Reverse glass sign for Kings Avenue Tattoo, New York, New York
David often uses slumped glass, which is formed over a mold in a kiln, as he did on this monogram for Walter Elias Disney, the late Walt Disney
Dave with album cover for singer/songwriter John Mayer, done in 2012
Gilded curved glass monograms for the Ludlow & Blunt hair salon in Brooklyn, New York
An illustration in progress
Glass panel for the Portobello Road Gin Co. in London, England
JCM monogram on glass for John Clayton Mayer
Dave was invited to do a presentation for Disney’s Imagineering department at Epcot at Walt Disney World Florida in 2015—about 25 years after first seeing the glass work on those popcorn wagons at Disneyland. From left: Gary Godby, Wayne Clarke, Gary Herpst, Dave and David Buckley.
Slumped glass piece for John Mayer
Illustration for single from John Mayer’s Born and Raised album in 2012

David Adrian Smith

By SignCraft Magazine

Posted on Tuesday, December 31st, 2019

Shop name:
David Adrian Smith,
Traditional Ornamental Glass Artist

Studio size: 1200 sq. ft.

Age: 51

Graphics equipment:
Summa 610 cutter
Gerber Omega software

On Instagram @davesmithartist

Most creative sign makers see signs as art, just as SignCraft does. Granted they are commercial art, but art just the same. Art doesn’t have to be an exquisitely beautiful object—a line of well-executed gothic lettering or a well-designed wrap is art. It’s highly functional, appealing to look at, purposeful art.

Some sign work, of course, does fall into the exquisitely beautiful, as does Dave Smith’s. It combines incredible design with traditional craftsmanship and great discipline to produce something that is stunning. More than just looking at it, you marvel at it. You look at it overall, then in detail, then for the detail in the detail. It’s hard to believe that it was all done by hand while at the same time, you know that it could be done no other way.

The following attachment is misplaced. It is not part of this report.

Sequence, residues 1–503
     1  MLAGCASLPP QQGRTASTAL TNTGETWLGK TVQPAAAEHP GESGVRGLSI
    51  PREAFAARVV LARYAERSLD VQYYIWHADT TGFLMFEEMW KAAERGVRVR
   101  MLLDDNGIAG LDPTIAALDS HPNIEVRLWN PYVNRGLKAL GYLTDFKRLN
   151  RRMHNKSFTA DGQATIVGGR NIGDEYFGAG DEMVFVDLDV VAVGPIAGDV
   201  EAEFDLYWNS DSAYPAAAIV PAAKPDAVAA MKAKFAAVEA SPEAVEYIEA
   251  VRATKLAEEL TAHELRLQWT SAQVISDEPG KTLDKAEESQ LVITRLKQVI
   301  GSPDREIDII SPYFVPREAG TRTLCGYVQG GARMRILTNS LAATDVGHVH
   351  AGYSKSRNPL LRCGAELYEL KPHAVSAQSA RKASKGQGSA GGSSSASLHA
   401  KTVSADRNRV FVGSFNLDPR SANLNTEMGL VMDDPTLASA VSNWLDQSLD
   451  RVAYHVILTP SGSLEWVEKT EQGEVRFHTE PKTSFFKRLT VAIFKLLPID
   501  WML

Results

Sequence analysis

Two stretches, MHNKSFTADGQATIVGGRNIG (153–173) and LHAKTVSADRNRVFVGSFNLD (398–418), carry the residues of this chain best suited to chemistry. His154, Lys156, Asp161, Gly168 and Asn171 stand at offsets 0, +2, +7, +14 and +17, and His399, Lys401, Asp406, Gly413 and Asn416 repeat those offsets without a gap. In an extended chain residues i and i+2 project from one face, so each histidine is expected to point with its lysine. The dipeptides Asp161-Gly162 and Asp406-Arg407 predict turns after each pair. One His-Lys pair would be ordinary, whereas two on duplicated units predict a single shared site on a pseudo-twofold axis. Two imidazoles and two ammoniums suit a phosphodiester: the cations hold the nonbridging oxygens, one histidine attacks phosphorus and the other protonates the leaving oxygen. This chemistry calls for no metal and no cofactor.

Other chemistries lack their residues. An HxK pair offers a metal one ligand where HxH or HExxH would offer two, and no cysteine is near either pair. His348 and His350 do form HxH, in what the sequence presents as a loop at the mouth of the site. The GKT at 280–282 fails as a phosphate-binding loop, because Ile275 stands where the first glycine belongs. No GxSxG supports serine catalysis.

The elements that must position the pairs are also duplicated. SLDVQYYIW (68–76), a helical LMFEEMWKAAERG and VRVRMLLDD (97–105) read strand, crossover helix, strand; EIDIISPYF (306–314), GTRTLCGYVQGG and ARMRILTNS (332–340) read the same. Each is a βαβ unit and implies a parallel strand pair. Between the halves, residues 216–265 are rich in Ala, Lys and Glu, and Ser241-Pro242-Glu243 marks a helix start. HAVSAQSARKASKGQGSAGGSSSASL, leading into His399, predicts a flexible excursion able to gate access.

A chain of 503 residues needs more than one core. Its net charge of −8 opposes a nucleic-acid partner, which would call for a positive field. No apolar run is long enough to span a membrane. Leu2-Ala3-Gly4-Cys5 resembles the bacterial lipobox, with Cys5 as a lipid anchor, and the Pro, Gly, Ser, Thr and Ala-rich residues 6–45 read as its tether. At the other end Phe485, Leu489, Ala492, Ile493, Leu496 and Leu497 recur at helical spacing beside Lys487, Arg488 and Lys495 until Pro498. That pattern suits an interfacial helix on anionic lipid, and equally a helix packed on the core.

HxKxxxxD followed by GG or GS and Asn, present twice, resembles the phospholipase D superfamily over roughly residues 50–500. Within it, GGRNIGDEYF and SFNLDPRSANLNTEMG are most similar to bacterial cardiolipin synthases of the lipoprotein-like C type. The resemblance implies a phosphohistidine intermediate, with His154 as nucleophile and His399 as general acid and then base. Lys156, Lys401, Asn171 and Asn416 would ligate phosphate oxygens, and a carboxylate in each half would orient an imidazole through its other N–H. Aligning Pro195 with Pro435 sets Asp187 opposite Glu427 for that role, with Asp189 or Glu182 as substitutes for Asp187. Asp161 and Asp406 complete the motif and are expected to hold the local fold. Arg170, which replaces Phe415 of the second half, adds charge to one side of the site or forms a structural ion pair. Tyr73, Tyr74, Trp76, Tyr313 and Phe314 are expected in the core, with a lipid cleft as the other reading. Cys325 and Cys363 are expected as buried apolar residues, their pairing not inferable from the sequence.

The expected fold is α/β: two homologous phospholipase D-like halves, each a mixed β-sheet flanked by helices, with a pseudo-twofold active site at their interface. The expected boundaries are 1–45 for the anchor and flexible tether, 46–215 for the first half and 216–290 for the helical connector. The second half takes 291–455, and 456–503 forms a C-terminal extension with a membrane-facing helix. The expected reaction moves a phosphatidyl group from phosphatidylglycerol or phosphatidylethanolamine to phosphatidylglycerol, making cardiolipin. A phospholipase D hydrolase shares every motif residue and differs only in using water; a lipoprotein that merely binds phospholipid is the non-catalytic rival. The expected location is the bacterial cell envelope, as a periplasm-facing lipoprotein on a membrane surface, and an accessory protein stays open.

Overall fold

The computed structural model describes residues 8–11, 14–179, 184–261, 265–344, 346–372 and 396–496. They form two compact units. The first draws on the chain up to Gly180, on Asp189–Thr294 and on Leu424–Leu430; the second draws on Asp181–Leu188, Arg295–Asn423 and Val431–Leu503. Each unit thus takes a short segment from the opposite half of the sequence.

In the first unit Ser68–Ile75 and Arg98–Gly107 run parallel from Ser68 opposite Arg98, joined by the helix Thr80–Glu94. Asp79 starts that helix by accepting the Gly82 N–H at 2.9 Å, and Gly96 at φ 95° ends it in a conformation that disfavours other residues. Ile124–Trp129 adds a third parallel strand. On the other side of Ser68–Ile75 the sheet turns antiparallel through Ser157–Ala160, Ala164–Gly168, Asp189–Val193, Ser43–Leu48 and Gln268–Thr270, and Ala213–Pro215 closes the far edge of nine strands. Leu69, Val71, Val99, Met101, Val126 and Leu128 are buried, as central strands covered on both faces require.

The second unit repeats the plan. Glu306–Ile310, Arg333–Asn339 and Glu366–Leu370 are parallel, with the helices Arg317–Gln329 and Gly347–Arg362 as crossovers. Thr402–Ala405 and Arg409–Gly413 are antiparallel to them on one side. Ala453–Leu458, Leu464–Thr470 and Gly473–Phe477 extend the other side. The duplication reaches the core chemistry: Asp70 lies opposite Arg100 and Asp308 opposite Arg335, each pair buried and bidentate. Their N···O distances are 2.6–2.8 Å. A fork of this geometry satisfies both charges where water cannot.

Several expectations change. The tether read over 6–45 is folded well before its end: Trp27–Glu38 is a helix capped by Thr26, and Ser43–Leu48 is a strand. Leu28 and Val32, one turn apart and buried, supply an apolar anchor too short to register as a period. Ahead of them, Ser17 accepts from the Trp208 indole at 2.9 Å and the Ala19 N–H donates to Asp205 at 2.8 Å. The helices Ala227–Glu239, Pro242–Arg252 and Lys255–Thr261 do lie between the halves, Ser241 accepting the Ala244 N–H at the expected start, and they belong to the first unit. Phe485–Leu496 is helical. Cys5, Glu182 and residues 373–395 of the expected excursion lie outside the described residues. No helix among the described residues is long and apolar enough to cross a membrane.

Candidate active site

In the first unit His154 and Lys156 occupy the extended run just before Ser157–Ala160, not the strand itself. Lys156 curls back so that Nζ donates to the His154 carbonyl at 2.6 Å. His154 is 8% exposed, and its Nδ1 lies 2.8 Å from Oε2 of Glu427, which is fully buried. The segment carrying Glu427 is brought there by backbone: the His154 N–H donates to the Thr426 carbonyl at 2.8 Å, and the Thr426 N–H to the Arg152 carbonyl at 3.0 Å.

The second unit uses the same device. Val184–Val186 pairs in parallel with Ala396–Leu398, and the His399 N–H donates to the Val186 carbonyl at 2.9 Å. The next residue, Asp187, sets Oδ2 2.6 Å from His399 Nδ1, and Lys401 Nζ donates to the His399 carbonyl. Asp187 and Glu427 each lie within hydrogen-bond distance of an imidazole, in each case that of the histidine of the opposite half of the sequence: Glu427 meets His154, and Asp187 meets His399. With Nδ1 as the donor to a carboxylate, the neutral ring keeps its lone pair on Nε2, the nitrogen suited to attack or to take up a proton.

Dave’s sign writing roots opened the door to the magic of glass and gold and a host of other techniques and effects. His work and his story is inspiring even if you never get the opportunity to lay a single leaf of gold leaf. It shows where passion and a lot of hard work can take you.

Learning the craft My family lives in a very nice part of England that some call the English Riviera. It’s in the southwest corner on the UK down on the coast. As a kid, I always had a pen in my hand and was always fooling around with drawing.

Torquay is a resort town so there are a lot of hotels. A friend of my dad’s asked him if I might be interested in lettering a sign for his hotel. I’ll never forget it. The signboard was chocolate brown, and they wanted cream lettering on it. I didn’t have a clue how to do it. I had a go at it, though, and it turned out okay. That’s how it all started.

From there came a few more signs, a few coaches and big buses. I was only about 15. I didn’t know about sign writing brushes or 1 Shot or other sign enamels. I just got by with what I could find.

About a year later my dad got me an apprenticeship with a local sign writing company. There were six older gentlemen there, all amazing signwriters and ticketwriters—fantastic people, all with great character. They trained me as a sign writer, and along the way, we became great friends. I’m 51 now, and looking back they were all about that same age back then. And I thought they were all such old blokes! [Laughing.]

One of them, Gordon Farr, was so slick with a brush, and his pictorial and lettering work was brilliant. His ticketwriting was world class. I learned a lot from Gordon in those early days, and I’m still in touch with him. When I see Bob Behounek’s work I think of Gordon, as he had that same understanding of beautiful layouts and type—slick, bouncy type coming right from the hand.

Pages: 1 2 3